On Nov. 9, 1989, Salvadoran President Alfredo Cristiani invited Ellacuría, who was then visiting Spain, to return to El Salvador to join an investigation of a labor confederation bombing. He agreed and sent the government his itinerary. On Nov. 11, the official government radio station – overseen by Montano – made threats against Ellacuría, accusing him "of being an armed terrorist and an intellectual figurehead for the rebel FMLN."

On Nov. 12, a military unit searched the university and cordoned the area off. The next day, the U.S.-trained Atlacatl Battalion was sent in by Montano's subordinate to search the housing units of the Jesuit priests. Ellacuría had returned to the campus and was the only person permitted by the military to enter the university premises. On Nov. 15, Montano was present with four senior officials when Col. Rene Emilio Ponce issued an order to Col. Guillermo Alfredo Benavides to kill Ellacuría.

Montano provided information as to Ellacuría's whereabouts, and in the early morning hours of the next day, the priests were executed. 

In the following days, Swank wrote, Montano conspired with other government officials in trying to conceal the military's responsibility for the massacre. While Benavides ordered the destruction of logbooks showing the movements of the Atlacatl Battalion, Montano "threatened the wife of a witness who asked how it was possible that the government could issue an order to kill the Jesuits." 

Montano, 73, has denied any role in the massacre.

But he also denied that he had ever served in the military. That's what he had falsely claimed on U.S. immigration papers in 2002 and again on later documents in order to maintain his Temporary Protected Status.

In 2011, CJA found him hiding out in Boston. Montano was later arrested and convicted in 2013 for immigration fraud and perjury and served a 21-month prison sentence in North Carolina. Swank, a federal district court magistrate in the Eastern District of North Carolina, has ordered U.S. Marshals to take him into custody pending extradition.

While U.S. law requires the State Department to approve the judge's extradition order, it seems something of a foregone conclusion given the fact the department already scrutinized the case before sending it to prosecutors.

International Attorney Almudena Bernabeu, who will lead CJA's case in Madrid, said: "Holding a senior military officer accountable for the Jesuit massacre is significant on so many levels. First, we will be able to find the [full] truth that the Jesuits and all Salvadorans have demanded for so long. Truth and accountability will give strength to all those who are trying to end the cycle of violence in El Salvador that has resurged to levels not seen since the civil war. Magistrate Judge Swank's decision is an affirmation of Spanish Judge Eloy Velasco's efforts to keep Spain's universal jurisdiction law alive, challenge impunity, and prosecute human rights abusers."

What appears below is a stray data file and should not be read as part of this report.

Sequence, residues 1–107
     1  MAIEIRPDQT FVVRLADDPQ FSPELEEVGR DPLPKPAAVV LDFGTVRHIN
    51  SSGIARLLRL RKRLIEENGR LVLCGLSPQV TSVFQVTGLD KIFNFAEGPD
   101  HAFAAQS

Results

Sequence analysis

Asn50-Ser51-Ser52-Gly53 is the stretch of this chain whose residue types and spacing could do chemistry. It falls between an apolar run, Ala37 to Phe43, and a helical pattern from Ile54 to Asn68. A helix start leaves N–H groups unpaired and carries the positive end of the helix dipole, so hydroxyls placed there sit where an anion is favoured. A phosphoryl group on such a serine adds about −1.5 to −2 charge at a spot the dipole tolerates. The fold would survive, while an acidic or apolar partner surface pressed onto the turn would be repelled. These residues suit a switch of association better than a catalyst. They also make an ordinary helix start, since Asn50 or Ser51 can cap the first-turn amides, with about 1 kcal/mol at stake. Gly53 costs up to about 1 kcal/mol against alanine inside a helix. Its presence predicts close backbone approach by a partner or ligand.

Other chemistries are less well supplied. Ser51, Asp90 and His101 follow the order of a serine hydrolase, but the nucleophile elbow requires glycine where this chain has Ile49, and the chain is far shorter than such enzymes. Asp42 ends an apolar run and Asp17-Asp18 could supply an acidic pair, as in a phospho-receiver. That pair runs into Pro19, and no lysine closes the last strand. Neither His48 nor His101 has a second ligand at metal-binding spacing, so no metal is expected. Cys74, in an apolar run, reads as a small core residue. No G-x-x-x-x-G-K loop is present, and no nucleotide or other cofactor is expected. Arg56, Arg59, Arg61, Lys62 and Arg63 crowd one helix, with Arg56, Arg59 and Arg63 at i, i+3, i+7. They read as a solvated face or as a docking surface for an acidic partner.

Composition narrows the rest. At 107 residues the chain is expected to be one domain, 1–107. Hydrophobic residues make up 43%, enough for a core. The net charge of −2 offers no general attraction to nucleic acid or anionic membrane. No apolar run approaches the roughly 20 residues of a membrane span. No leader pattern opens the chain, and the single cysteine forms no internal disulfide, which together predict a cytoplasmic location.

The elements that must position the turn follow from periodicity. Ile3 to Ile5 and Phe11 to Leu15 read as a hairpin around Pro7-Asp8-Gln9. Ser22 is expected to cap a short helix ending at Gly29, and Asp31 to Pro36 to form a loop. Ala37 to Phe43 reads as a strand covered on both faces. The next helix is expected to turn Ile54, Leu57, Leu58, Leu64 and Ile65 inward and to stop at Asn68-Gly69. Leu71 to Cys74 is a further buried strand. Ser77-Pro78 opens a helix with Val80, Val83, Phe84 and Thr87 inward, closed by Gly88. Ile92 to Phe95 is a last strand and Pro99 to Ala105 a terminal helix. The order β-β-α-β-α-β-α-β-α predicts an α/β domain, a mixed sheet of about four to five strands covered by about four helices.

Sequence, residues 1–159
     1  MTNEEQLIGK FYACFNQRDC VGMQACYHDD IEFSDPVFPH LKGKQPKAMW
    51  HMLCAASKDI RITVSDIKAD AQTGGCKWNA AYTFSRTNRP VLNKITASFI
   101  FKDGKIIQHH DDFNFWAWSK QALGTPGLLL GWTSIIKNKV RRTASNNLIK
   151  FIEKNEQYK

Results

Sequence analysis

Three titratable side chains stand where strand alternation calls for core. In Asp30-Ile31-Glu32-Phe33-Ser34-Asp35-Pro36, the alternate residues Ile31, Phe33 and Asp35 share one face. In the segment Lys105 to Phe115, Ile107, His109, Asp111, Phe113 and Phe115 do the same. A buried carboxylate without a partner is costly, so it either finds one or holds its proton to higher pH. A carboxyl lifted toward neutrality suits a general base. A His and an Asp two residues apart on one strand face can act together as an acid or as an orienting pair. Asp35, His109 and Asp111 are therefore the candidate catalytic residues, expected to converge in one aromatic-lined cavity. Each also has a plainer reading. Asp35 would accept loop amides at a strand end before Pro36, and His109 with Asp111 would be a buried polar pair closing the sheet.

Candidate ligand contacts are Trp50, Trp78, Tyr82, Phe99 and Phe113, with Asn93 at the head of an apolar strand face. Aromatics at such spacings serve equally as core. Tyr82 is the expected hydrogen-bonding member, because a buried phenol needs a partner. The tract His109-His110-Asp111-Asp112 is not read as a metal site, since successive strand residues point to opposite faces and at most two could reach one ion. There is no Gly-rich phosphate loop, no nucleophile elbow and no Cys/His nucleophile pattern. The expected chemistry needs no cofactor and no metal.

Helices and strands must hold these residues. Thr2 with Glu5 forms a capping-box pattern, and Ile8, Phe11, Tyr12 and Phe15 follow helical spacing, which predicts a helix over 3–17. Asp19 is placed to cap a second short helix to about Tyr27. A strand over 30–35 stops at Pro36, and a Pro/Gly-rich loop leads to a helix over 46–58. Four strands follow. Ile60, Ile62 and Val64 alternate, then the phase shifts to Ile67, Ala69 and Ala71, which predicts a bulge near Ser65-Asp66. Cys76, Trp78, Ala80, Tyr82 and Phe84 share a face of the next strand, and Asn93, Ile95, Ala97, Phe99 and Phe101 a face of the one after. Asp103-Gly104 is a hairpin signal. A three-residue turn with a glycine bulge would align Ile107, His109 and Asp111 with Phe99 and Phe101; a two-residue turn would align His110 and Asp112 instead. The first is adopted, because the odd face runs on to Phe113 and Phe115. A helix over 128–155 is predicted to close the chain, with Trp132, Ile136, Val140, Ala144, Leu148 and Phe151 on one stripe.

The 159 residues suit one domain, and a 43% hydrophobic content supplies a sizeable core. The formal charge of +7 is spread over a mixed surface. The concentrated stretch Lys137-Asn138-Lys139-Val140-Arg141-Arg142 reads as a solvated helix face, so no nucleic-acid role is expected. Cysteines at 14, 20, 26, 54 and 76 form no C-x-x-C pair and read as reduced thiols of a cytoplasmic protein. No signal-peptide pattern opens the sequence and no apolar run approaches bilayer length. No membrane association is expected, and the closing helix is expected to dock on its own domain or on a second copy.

The raids by the National Civil Police in El Salvador, which began just hours after Swank's ruling was filed, have so far yielded four of the other 16 men wanted by the Spanish court in addition to Montano.

Originally, Velasco indicted 20 Salvadorans, but two agreed to cooperate with the court and the third, Col. Rene Emilio Ponce, the Joint Chief of Staff, died in 2011. It was Ponce, an SOA graduate who later became Defense Minister, who gave the orders to kill Ellacuría.

Among the four arrested was Col. Guillermo Benavides.

According to the 1993 U.N. Truth Commission, Benavides was the Director of the Military College who was ordered by Ponce to kill Ellacuría and leave no witnesses. Benavides in turn gave the order to officers under his command and later replaced the barrels of the murder weapons so they couldn't be identified in ballistic tests. Benavides also ordered that all Military College arrival and departure logs be burned. In a 1991 show trial, he was found guilty of all the murders and of instigation and conspiracy to commit acts of terrorism. He and Lt. Yusshy René Mendoza Vallecillos were the only ones to go to prison for the atrocity.